Proceedings of the International Conference on Microplastic Pollution in the Mediterranean Sea

This book focuses on different aspects of microplastic pollution, offering authors and readers the opportunity to share their knowledge, identify issues and propose solutions and actions to face this environmental threat. Although plastic pollution is a well-known global problem, the recent discovery of microplastics and nanoplastics in seas and oceans represents a very alarming new environmental challenge. The book offers comprehensive insights into the origins of the problem, its impact on marine environments, particularly the Mediterranean Sea and coasts, and the current research trends aimed at finding technical solutions to mitigate the phenomenon.

Part of the Springer Water book series (SPWA). Editors : Mariacristina Cocca, Emilia Di Pace, Maria Emanuela Errico, Gennaro Gentile, Alessio Montarsolo, Raffaella Mossotti, 2018

The book


Understanding the Risks of Microplastics: A Social-Ecological Risk Perspective

This chapter deals with these questions by adopting a social-ecological perspective, discussing microplastics as a global risk. Taking four main characteristics of global risks, we develop four arguments to discuss (a) the everyday production of risk by societies, (b) scientific risk evaluation of microplastics, (c) social responses, and (d) problems of risk management. To illustrate these four issues, we draw on different aspects of the current scientific and public debate. In doing so, we contribute to a comprehensive understanding of the social-ecological implications of microplastics.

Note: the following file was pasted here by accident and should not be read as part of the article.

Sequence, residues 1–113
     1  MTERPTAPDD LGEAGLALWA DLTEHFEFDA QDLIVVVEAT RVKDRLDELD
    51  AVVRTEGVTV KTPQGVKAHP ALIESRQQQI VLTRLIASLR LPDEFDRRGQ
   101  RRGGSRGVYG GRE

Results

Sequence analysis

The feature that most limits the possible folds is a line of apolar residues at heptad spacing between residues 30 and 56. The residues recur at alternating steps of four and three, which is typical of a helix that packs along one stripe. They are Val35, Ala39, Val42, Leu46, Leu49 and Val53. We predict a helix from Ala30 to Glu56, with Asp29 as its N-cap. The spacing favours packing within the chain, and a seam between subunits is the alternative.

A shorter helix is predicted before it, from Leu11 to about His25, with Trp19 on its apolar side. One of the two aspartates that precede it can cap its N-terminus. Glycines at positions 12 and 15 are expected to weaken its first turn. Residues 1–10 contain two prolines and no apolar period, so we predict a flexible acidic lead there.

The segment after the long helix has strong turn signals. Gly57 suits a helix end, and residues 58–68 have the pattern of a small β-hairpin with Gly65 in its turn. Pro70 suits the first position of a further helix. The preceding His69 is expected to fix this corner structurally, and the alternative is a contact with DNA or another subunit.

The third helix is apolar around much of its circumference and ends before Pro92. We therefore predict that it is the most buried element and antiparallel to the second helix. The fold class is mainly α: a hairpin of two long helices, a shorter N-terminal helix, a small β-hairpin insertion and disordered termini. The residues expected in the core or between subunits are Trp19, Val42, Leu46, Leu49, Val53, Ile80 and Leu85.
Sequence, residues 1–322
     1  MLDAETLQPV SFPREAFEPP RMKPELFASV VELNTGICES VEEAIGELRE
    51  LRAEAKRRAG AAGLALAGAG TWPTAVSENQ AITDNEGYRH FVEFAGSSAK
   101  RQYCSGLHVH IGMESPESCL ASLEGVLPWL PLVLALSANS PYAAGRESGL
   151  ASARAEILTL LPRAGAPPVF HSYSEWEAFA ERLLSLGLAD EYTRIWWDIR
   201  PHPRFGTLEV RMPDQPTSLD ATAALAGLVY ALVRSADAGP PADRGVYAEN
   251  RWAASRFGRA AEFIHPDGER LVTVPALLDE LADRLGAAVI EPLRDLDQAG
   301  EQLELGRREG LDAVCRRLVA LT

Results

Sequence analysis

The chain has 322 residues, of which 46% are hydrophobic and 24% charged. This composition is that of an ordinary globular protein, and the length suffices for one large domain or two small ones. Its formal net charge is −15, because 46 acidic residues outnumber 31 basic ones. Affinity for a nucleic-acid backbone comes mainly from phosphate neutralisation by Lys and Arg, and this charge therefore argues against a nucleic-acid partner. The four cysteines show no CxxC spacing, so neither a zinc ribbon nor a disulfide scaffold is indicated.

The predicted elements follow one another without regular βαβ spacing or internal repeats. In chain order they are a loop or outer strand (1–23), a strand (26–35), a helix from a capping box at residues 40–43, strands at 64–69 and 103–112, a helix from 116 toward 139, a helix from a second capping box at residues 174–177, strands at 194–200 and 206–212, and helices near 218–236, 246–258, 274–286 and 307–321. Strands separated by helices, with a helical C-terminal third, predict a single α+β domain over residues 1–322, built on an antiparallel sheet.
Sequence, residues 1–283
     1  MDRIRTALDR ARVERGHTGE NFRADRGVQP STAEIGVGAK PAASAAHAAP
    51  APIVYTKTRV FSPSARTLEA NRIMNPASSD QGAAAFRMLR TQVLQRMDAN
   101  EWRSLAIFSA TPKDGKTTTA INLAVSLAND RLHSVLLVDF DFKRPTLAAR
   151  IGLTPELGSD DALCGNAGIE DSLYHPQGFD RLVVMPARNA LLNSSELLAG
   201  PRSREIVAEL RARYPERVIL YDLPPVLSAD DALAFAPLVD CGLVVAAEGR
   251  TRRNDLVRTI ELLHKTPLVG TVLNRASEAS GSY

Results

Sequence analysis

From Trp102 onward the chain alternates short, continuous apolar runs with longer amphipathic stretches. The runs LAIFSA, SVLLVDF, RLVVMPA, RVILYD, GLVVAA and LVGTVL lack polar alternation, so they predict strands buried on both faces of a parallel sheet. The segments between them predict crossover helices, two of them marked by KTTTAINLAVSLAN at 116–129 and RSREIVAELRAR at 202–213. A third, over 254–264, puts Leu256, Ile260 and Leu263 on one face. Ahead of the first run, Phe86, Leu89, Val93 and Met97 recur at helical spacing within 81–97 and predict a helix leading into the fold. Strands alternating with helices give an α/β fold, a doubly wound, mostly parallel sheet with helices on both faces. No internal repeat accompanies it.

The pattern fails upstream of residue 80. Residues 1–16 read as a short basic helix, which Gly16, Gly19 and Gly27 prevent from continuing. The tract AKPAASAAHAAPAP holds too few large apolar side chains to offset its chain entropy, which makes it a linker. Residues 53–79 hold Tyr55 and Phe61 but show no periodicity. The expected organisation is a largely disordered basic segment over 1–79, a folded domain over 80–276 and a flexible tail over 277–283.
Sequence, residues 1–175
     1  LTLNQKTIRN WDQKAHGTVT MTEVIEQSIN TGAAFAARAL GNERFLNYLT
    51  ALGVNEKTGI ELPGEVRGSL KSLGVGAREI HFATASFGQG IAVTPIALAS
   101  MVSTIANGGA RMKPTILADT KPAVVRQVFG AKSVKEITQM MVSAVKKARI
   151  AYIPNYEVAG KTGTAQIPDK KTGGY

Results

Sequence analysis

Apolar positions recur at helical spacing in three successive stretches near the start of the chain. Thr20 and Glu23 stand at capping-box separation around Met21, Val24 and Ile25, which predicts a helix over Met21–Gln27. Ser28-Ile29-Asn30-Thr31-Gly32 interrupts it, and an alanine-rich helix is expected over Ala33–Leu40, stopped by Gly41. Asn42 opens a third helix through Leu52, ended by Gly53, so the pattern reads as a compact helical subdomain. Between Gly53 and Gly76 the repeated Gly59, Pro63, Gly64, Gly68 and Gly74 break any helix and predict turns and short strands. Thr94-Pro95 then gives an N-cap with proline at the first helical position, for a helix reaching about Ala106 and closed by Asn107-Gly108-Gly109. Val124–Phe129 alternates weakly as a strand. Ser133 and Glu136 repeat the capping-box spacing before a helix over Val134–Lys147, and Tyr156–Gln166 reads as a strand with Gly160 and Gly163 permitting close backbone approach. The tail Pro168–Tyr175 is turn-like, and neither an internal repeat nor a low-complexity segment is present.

Johanna Kramm, Carolin Völker, Freshwater Microplastics pp 223-237, Part of the The Handbook of Environmental Chemistry book series (HEC, volume 58),

The chapter

The Ecology of Sandy Shores

A variety of anthropogenic pressures act on sandy beaches. The main stressors impinge on beaches over a range of temporal and spatial scales from short-term local (e.g., trampling) to truly long-term global (e.g., climate change and sea-level rise). These pressures translate into ecological impacts that are manifested across several dimensions in time and space. Press perturbations (operating on time scales of years to decades) causing permanent changes in sandy-beach ecosystems are becoming increasingly common. Field and laboratory experiments with robust sampling designs and monitoring programs are being increasingly employed to quantify the effects of different stressors. However, long-term data sets directed to assess human impacts on beaches are scarce and fragmentary. Such analysis will vary according to the magnitude of the impact and the organizational level being considered, and this must be linked to recognition of a physical–biological coupling at different scales. The evidence provided indicates that sandy beaches are ecosystems at risk and deserve more attention than given at present.